Pure cultures of three types of mononuclear phagocytes—mouse peritoneal macrophages, unstimulated or after thioglycollate stimulation, and human monocytes—synthesize and secrete large amounts of lysozyme in vitro. The macrophage lysozyme is indistinguishable from authentic lysozyme in its ability to lyse M. lysodeikticus, inhibition by specific antisera, a similar size of 14,000 and cationic charge. Lysozyme secretion in culture is characterized by a large net increase in total lysozyme, 4–20-fold in 3 h, 75–95% of which is in the medium, and its continued extracellular accumulation over at least 2 wk in culture. Lysozyme is the major 14C-labeled protein secreted into the medium by both unstimulated and thioglycollate-stimulated macrophages and the 0.75–1 µg produced per 1 x 106 cells/day represents 0.5–2.5% of the total cell protein.
Lysozyme is a cell-specific marker for mononuclear phagocytes and the PMN, which contains preformed enzyme, since it is absent in lymphoid cells and a variety of fibroblast and epithelioid cell lines. Lysozyme production is also a useful measure of mononuclear phagocyte cell number.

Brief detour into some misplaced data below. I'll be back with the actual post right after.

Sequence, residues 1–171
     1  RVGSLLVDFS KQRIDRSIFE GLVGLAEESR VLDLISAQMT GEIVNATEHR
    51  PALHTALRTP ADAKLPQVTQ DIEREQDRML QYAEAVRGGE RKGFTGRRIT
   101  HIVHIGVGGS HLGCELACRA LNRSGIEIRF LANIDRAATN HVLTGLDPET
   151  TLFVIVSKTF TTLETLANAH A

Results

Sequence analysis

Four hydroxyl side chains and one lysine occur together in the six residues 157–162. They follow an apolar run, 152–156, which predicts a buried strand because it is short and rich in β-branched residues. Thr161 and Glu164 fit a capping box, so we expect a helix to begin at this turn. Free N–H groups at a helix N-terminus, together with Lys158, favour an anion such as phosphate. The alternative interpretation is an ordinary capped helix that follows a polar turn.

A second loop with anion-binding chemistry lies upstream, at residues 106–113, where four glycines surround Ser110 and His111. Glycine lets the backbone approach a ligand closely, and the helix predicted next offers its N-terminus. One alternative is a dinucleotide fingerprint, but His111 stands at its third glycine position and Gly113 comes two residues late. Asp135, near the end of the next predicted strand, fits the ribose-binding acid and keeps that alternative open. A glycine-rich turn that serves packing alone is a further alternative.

The rate of lysozyme production and secretion is remarkably constant for all cell types under a variety of culture conditions. Production by the mouse macrophage increases threefold on the 2nd day in culture and then remains linear with time. Production is optimal at a relatively low serum concentration, but can be maintained, in the absence of serum, in lactalbumin hydrolysate or, at a reduced level in basal media.
The production and secretion of lysozyme are independent of the production of macrophage acid hydrolases. Net increase and secretion of lysozyme occur under conditions where acid hydrolases like N-acetyl ß-glucosaminidase, ß-glucuronidase, ß-galactosidase, and cathepsin D are neither accumulated nor secreted. Massive phagocytosis of latex particles has no effect on lysozyme production and secretion.
Lysozyme production can be rapidly inhibited by treatment with cycloheximide (0.4 µg/ml) whereas inhibition of its production by colchicine (10–6 M) occurs only after a lag period of more than 8 h, and is probably due to a secondary effect.
These results show that mouse macrophages provide a simple in vitro system to measure lysozyme secretion and its control. These studies also indicate the possible importance of mononuclear phagocytes in the secretion of a variety of biologically active products and in the modification of their environment.